S&W 38 Special CTG


April 21, 2007, 10:42 PM
I recently inherited an old S&W 38 Special CTG 6 shot revolver from my grandfather and was wondering how old the gun may be. The serial number stamped in the metal part of the handle is 370355. The gun is blued and has a 5" barrel. The following is stamped on the barrel: Smith & Wesson Springfield Mass USA Patented Oct 8, 01. Dec 17, 01. Feb 6, 06. Sept 14, 09. Dec 28, 14.

The gun also has significance to me as it was used in an armed robbery of my grandfather's country store when he was a young man. A gunfight ensued between the robber & my grandfather with the robber coming up on the wrong end of the gun. The robber was killed with 00 buckshot from a 16 gage shotgun after hitting my grandfather in the hand with a round from this 38 special.

My grandfather died last week at the ripe old age of 99 and was always telling the story of the shootout. He was quick to show the gun as his prize for taking a bullet.

Any information about the age and value of this revolver would be greatly appreciated.

Thanks - Mike

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April 21, 2007, 11:34 PM
Welcome to THR LSUSiegel. Someone will undoubtedly be along with info on your gun. Great story about your grandfather.

April 21, 2007, 11:40 PM
Ditto - I have no information, just appreciated that story and your grandfather's life. I am sorry for your loss, but happy you had such a wonderful role model. I had one too....

April 22, 2007, 12:33 AM
Sounds like an old M&P. Standard catalog says 1915 #241704- 1941 #700000. Late '20's early 30's maybe? Extraordinary story attached to that piece, true treasure. Joe

Old Fuff
April 22, 2007, 12:44 AM
Your Grandpa must have been one tough bird... :D

He has a Smith & Wesson .38 Hand Ejector, Model of 1905, 4th change. It was also known as the Military & Police model, and today we call it the Model 10.

The 4th change series of revolvers were made between 1915 and 1942, within a serial number range running from 241,704 to 999,999. I would estimate your revolver, No. 370,3xx was made around the middle 1920's.

It may have a square butt with checkered walnut stocks, or a round one with black hard-rubber stocks. Checkered walnut stocks on a round butt gun were optional, but are seldom seen. Available barrel lengths were 4, 5, and 6 inches. Standard finishes were blue or nickel plate.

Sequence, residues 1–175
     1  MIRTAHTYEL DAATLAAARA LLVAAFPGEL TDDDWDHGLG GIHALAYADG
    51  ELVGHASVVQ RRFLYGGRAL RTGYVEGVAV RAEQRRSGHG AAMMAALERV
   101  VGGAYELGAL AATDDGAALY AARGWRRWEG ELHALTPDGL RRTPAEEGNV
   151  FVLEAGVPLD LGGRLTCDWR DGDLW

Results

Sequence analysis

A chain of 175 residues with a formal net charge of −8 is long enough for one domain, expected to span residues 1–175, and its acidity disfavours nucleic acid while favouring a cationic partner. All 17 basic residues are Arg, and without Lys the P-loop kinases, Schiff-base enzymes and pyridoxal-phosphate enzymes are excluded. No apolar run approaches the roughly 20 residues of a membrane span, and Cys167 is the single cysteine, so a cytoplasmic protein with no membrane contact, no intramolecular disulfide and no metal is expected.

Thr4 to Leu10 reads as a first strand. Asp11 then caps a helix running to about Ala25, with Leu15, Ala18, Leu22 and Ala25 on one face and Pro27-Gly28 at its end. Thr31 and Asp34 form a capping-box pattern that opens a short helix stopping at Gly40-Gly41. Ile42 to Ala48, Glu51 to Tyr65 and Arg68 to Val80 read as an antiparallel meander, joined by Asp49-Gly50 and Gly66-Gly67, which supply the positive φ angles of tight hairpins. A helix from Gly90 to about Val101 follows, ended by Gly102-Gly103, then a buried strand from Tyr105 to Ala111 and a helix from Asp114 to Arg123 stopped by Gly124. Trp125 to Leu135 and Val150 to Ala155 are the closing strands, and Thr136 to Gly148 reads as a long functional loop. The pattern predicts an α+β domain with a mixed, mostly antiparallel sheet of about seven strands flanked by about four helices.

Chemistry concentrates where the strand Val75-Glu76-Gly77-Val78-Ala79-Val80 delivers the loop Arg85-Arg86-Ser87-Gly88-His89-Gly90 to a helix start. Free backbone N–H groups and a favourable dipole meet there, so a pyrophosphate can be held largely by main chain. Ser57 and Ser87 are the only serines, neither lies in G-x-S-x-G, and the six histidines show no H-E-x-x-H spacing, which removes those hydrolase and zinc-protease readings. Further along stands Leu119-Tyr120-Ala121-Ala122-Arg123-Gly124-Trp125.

The value of the gun would depend on it's condition. If the story could be documented it would add considerably to the gun's value.

Jim March
April 22, 2007, 01:45 AM
One other thing: not that I suspect you're interested in carrying it on the street, BUT, you should be aware that the automatically engaging safety on that gun isn't as good as post-WW2 models. There was an engineering change to the hammer block system that prevents accidental discharge if the gun is dropped or the hammer struck.

It's not THAT bad but it's not as safe as modern designs. But I suspect this is a non-issue for a gun that means that much to you.

April 22, 2007, 08:26 AM
Thanks everyone for the information. I appreciate sharing his story. He was indeed a "tough old bird" and a WW2 veteran. He hunted deer, ducks, doves & quail until he was 96!!

Old Fluff - the gun is in fair condition, but needs to be cleaned-up. It has the walnut stock that is more oval shaped than round. Mid 1920's sounds accurate as he was born in 1908 and I think he was in his late teens or early 20's when the incident took place.

TN Trapper
April 22, 2007, 09:56 AM
" I recently inherited an old S&W 38 Special CTG ..."

You may or may not know this but I'll say it just in case. Some folks get confused by the "CTG" part of that line. This is a standard .38 special revolver. The long term would be " Smith and Wesson .38 Special Cartridge". I've read posts from newer shooters asking where they could find "S&W 38 Special CTG" rounds to fire in their revolvers when what they need is found in just about every store that sells ammo; .38 Special. Not trying to sound like a smarta** or a know-it-all, just thought you might want to know that if you didn't already. Enjoy your revolver, it's a classic :)

Old Fuff
April 22, 2007, 09:56 AM
Jim has a good point - if you carry the revolver loaded rest the hammer on an empty chamber. There is no safer way... :cool:

If you can, explore a bit and see if you can find a newspaper account of the robbery. If there is an older relative that remembers the incident (or Grandpa telling the story) interview them with a tape recorder. Any evidence you find will add to the value of the revolver, both to the family and any collector.

If you are interested in documenting the gun, follow these instructions:

If you are really interested in the gun's background, send a description of the revolver with the serial number, a snapshot of it to help in identification, and a $30.00 check made out to Smith & Wesson. Roy Jinks, the company's historian will go through the old records until he finds your gun. He will then send you an official letter describing the model's history, and then the exact details on your gun - including the day it was shipped and to what dealer or destributor. See additional details on www.smith-wesson.com

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